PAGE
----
Kwon, S., Florence, M., Grigas, P, and others (2012). "Creating a learning healthcare system in surgery: Washington State's Surgical Care and Outcomes Assessment Program (SCOAP) at 5 years." (AHRQ grant HS20025). Surgery 151(2), pp. 146-151.
SCOAP is a peer-to-peer collaborative that engages surgeons to determine the many process-of-care metrics that go into a "perfect" operation, track risk-adjusted outcomes that are specific in a given operation, and create interventions to correct underperformance in both the use of process measures and outcomes. The authors discuss the progress of the SCOAP initiative and highlight its achievements and challenges.
Luft, H.S. (2012). "Advancing public reporting through a new ‘aggregator' to standardize data collection on providers' cost and quality." (AHRQ Contract No. 290-07-10022). Health Affairs 31(3), pp. 619-626.
The author proposes creating a public-private data aggregator that would receive patient and provider data from payers that are deidentified in such a way as to remain useful for consumer reporting and research purposes. It could be funded through fees charged to commercial users while registered researchers could access the data aggregator for free. Such an approach could allay privacy considerations as well as concerns about how such an effort would be funded.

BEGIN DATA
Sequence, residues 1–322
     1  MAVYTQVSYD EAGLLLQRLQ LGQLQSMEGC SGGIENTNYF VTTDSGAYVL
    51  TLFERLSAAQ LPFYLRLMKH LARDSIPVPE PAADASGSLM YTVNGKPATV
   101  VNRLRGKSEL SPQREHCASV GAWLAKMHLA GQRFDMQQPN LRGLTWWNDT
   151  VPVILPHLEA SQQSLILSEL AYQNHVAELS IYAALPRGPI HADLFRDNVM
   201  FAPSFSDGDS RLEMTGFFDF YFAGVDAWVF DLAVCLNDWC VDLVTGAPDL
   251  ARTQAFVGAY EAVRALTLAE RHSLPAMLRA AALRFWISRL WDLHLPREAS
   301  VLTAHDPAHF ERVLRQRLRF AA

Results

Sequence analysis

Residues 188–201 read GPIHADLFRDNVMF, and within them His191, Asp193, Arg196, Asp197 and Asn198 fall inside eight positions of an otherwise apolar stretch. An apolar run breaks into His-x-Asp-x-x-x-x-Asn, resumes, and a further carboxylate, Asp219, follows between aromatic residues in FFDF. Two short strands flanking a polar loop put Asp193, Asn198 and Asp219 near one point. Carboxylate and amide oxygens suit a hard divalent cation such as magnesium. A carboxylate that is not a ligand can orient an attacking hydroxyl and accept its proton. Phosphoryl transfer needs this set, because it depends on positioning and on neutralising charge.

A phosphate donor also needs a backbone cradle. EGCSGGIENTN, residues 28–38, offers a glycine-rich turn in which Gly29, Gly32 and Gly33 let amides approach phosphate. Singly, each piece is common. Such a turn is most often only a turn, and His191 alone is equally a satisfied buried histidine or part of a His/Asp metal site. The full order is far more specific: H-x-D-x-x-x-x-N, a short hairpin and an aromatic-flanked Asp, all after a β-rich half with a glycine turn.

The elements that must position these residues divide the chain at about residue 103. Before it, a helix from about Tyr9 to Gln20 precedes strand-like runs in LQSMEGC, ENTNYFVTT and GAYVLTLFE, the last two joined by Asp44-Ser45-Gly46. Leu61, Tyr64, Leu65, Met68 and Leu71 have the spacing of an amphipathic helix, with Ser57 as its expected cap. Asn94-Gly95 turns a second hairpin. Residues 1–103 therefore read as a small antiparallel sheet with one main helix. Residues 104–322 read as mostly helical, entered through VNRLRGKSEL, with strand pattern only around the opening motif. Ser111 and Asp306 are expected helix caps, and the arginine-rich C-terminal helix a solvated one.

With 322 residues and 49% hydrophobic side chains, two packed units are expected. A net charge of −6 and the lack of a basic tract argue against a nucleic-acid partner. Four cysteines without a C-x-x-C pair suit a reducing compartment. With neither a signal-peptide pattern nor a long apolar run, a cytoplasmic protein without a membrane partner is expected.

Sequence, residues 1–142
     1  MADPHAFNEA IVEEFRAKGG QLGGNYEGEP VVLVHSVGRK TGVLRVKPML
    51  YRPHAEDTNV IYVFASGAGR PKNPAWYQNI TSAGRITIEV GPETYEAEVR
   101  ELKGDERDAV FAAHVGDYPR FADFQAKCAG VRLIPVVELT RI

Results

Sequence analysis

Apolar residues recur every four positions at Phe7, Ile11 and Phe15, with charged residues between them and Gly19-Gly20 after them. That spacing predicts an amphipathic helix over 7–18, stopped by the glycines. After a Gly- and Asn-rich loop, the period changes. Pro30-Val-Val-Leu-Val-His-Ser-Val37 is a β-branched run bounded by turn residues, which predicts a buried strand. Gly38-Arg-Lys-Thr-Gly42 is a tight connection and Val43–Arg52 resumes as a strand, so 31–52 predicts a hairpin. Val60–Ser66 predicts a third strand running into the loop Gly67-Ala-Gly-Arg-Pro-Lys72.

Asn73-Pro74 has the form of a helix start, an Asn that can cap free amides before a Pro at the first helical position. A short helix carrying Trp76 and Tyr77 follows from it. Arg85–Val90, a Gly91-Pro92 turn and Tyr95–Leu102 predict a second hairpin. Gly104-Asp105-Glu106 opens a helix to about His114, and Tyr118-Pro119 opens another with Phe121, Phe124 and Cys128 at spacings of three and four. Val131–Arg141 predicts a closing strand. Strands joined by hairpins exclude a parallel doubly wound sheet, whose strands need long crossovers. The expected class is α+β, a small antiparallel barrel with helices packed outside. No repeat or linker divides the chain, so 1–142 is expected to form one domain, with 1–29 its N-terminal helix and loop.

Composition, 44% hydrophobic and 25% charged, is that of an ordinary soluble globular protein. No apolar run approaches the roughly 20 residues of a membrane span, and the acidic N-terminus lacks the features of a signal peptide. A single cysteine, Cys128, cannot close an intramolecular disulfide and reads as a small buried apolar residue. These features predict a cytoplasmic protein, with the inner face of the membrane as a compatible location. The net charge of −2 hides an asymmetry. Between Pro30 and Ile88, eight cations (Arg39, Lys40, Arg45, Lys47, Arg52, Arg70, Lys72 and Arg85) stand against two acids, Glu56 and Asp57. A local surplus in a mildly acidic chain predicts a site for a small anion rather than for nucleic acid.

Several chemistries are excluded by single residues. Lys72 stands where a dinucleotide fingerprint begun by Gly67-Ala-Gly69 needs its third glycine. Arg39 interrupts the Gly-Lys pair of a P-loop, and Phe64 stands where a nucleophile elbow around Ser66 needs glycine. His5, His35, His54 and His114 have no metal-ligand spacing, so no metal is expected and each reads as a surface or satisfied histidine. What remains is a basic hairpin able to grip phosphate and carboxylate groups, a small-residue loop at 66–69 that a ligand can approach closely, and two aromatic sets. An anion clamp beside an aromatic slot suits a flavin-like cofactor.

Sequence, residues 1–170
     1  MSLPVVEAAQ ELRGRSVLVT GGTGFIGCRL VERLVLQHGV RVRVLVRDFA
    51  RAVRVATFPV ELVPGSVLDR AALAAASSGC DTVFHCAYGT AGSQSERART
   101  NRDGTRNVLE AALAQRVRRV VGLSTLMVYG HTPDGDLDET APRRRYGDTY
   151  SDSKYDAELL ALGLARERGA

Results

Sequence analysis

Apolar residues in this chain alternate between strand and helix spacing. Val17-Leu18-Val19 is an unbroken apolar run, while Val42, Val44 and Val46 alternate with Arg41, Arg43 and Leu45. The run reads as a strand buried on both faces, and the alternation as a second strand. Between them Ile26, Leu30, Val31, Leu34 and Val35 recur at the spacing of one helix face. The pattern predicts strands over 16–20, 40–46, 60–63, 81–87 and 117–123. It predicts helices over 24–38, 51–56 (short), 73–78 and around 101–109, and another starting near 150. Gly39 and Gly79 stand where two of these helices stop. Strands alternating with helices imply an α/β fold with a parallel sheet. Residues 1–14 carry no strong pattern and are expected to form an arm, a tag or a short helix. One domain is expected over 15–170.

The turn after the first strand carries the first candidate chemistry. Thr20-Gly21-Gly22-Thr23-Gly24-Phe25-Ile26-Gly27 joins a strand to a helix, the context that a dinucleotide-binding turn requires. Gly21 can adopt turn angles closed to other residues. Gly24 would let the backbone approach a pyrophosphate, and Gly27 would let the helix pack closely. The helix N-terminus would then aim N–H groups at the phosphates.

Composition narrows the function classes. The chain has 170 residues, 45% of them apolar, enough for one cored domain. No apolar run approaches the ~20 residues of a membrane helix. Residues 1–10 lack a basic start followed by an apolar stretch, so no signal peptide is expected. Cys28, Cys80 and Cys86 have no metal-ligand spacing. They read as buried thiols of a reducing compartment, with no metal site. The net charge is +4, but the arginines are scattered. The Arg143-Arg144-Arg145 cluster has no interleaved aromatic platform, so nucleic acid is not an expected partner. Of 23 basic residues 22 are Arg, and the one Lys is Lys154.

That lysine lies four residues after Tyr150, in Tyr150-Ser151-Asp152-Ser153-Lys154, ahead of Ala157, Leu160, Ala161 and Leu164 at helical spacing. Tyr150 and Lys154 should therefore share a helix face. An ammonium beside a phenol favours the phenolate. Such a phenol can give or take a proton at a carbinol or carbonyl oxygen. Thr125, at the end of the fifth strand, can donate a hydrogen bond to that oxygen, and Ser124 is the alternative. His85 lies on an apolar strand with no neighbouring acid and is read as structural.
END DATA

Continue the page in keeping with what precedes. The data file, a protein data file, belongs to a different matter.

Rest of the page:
Meyers, D. (2012, March). "Introduction from the Agency for Healthcare Research and Quality." Journal of the American Board of Family Medicine 25 Suppl 1, p. S1. Reprints (AHRQ Publication No. 12-R070) are available from the AHRQ Publications Clearinghouse.
This article introduces a series of reports from an international conference on primary care. Health policy, health system researchers, and primary care leaders from seven countries, including the United States, participated. Topics included payment reform, team-based care, and the use of health information technology to support population management.
Needleman, J., Buerhaus, P., Pankratz, S., and others (2011). "Nurse staffing and inpatient hospital mortality." AHRQ grant HS15508. The New England Journal of Medicine 364(11), pp. 1037-1045.